A stretch of the Indo-Bangladesh border fence.
The most notable concrete accomplishment of the recent visit by India’s Prime Minister to Dhaka has been the signing of the historic pact to exchange the disputed adversely held ‘enclaves’ and ‘territories’ in each other’s possession as well as to demarcated the portions of the border which had earlier been left undemarcated.
An ‘adversely’ held ‘enclave’ or ‘territory’, to give the most simple definition, is one which ‘cartographically’ belonged to one neighbour (including perhaps title of the land as settled by colonial cadastral survey) while by some quirky fate of geopolitics, such as the hastily executed Partition of India, was left in the actual possession of the other.
According the treaty, which has to be now ratified by the Parliament of both India and Bangladesh, 111 such enclaves belonging to India, but in possession of Bangladesh were to be ceded to them. Conversely, 51 similar enclaves belonging to Bangladesh but in possession of India were to be ceded to it. The total area to be ceded by India to Bangladesh in these 111 enclaves has been reported as about 17160 acres, while the 51 Bangladeshi enclaves to be ceded to India constituted an area of about 7110 acres. Apart from these enclaves, there were territories in ‘adverse’ possession and disputed areas where the border was not demarcated earlier. These enclaves and areas in ‘adverse possession’ to be ceded to Bangladesh are strewn across the Indian states of West Bengal, Assam, Meghalaya, Mizoram and Tripura.
It is in the state of Assam, which has a strident and vocal anti-Bangladeshi constituency where the deal has generated the most vociferous opposition. This constituency, of which the AASU, AGP, BJP etc are the prominent components, have accused the present Congress government in Assam, led by Tarun Gogoi, of entirely selling out Assam’s interest and ceding to Bangladesh 357.5 acres of land that belonged to Assam.
Strongly refuting the allegations, the Chief Minister yesterday stated in a press conference that these allegations were not true and that while Bangladesh indeed gained 357.5 acres, Assam has gained 1240 acres of land.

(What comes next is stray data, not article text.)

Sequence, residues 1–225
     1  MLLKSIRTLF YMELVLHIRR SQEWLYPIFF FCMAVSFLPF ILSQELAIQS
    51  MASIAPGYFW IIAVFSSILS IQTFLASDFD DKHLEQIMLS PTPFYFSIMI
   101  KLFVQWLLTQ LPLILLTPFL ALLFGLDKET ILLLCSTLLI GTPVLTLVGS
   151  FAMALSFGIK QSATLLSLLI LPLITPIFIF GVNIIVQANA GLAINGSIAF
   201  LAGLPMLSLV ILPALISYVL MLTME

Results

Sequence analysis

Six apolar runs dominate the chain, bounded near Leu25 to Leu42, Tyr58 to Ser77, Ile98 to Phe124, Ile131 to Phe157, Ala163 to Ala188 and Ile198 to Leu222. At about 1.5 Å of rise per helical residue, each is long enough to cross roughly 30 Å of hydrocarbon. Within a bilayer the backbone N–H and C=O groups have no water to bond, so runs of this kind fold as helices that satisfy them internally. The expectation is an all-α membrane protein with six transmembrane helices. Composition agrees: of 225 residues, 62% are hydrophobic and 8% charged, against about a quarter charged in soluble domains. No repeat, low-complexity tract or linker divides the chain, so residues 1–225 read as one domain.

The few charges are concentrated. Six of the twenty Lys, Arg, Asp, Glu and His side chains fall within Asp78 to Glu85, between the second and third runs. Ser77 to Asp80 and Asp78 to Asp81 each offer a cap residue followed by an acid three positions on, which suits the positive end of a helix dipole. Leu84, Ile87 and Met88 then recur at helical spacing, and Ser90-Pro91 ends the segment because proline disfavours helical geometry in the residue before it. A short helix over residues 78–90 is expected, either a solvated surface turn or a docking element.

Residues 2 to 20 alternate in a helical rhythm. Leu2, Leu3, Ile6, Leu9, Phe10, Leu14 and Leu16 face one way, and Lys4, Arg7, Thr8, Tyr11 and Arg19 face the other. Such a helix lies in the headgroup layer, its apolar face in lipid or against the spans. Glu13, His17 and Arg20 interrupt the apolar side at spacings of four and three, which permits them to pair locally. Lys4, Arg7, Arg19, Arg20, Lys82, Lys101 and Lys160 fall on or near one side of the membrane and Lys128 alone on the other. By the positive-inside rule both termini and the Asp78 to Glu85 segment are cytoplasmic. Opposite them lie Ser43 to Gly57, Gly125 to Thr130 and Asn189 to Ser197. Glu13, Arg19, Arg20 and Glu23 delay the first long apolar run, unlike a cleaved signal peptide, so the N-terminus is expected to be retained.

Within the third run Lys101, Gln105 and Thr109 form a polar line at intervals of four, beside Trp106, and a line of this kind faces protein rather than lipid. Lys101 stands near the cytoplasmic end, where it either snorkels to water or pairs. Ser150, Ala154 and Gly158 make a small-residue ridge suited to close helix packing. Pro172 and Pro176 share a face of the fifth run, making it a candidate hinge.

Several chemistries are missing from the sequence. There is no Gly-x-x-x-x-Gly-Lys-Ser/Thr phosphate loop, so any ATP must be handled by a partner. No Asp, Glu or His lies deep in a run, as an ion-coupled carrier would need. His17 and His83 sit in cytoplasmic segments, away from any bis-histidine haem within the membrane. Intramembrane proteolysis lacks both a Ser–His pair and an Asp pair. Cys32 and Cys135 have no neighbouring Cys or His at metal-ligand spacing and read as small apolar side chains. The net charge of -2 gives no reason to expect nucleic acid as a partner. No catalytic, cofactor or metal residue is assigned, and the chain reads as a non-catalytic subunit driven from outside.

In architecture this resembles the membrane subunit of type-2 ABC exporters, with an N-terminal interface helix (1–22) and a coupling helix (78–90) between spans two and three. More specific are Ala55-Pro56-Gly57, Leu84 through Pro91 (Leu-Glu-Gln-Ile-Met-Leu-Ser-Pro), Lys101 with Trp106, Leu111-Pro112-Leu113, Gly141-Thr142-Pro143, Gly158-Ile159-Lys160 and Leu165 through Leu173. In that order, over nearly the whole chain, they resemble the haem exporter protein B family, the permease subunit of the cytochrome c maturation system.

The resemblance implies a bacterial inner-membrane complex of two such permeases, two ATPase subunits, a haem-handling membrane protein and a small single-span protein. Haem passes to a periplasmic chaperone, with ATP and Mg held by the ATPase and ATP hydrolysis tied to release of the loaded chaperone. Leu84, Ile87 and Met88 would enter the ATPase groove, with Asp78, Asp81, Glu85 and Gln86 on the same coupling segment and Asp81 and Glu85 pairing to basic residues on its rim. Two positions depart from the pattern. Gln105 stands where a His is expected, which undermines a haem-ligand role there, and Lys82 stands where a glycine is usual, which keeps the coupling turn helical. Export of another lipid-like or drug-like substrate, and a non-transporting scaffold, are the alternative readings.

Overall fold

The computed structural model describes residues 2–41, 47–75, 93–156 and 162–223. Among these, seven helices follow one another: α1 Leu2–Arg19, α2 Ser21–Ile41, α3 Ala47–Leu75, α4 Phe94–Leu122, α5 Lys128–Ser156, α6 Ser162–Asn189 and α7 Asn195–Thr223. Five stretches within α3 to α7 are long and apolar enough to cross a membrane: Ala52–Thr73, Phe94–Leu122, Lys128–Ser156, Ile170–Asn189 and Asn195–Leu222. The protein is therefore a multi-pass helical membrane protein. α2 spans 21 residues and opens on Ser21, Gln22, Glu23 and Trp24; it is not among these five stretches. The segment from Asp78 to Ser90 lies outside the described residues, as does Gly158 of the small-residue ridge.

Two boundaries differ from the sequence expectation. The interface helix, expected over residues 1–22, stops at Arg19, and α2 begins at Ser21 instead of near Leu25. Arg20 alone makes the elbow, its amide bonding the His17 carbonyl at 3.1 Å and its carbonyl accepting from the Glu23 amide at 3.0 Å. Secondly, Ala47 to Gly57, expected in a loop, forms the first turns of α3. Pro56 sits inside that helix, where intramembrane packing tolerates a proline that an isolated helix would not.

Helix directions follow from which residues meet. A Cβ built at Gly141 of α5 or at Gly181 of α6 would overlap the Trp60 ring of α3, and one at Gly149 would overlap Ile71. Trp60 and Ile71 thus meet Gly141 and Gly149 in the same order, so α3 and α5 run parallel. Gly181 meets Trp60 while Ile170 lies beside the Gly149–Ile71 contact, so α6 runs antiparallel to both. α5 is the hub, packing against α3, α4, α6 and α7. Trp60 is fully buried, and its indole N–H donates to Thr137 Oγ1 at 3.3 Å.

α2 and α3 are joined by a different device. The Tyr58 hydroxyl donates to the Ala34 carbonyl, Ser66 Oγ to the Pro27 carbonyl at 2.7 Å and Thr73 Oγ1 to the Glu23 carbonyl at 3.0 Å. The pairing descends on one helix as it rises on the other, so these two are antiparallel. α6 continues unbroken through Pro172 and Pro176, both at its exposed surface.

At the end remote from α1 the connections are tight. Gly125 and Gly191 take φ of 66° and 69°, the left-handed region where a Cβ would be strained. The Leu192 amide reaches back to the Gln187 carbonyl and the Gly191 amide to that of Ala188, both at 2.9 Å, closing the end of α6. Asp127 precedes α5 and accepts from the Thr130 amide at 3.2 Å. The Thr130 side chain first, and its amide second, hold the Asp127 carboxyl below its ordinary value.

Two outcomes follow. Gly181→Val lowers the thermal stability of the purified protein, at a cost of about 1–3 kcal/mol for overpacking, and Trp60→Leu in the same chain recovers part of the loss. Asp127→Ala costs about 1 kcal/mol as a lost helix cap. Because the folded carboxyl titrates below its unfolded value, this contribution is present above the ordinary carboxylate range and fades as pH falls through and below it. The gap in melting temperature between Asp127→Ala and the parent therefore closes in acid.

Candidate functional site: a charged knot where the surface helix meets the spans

The question that naturally arises is who is speaking the truth here? The answer may be quite similar to the way the same incident was narrated by four different narrators, who had been involved in it, in four mutually irreconcilable versions, in Akira Kurosowa’s 1950 classic Roshomon.
To those who are stridently opposed to the deal, the point of reference is that the entire disputed land belonged to Assam cartographically, hence there is no question of it being in dispute. Therefore, ceding 357.5 acres of it to Bangladesh is absolutely unacceptable. The hyperbole has reached such proportions that a few of the AGP and BJP worthies have even termed it as the “Second Partition of India”. They however fail to admit, that in reality the ceded 357.5 acre land was in possession of Bangladesh already and the handing over to Bangladesh is merely a procedural formal acceptance of a de facto reality on the ground. If this isn’t acceptable, they haven’t yet articulated how they plan to regain possession of the land without a major border conflict with Bangladesh and what strategic national interest or even that of Assam would be gained by that.
The government’s position, as articulated by the Chief Minister, on the other hand, appears to be meticulously juridical. It has treated the entire approximately 1597.5 acres to which Bangladesh has laid claim to as ‘disputed’ and not indisputably belonging to Assam merely because it happened to be shown as that by cartography or colonial land records. Meticulous joint surveys must have established that of this claim, 357.5 acres were de facto in possession of Bangladesh, which includes 193 acres in Boraibari, Dhubri, 74.5 acres in Palakhal Tea Estate and 90 acres in Lathitila-Dumabari, both in Karimganj. The 1240 acres that the Chief Minister had claimed that Assam has gained is actually the portion of disputed land retained by Assam as it was not ceded to Bangladesh and to which the later has agreed.
So how much of land has actually been ceded to Bangladesh? If one converts 357.5 acres to Square Kilometers, it works out to approximately 1.45 Sq. Km. To draw up some comparison, that is less than 0.5 % of Guwahati’s metropolitan area.
As the cacophony of opposition to the border settlement grows to a crescendo, the question we need to ask ourselves is, aren’t we again being led down the garden path, instigated by our ever latent anti-Bangladeshi sentiments?
Assam has far more serious border disputes with Arunachal Pradesh, Meghalaya and Nagaland, which have the potential for renewed ethnic conflict and consequent blood bath if not settled judiciously. I just hope, those in throes of a belligerent patriotic upsurge to save 357.5 acres from Bangladesh have thought of sensible ways to resolve these disputes as well. Before it is too late.
(It must be noted that some of the figures cited have been arrived at by interpolation and consultation with officials. Authenticated official records and figures have already been sought and are being awaited.)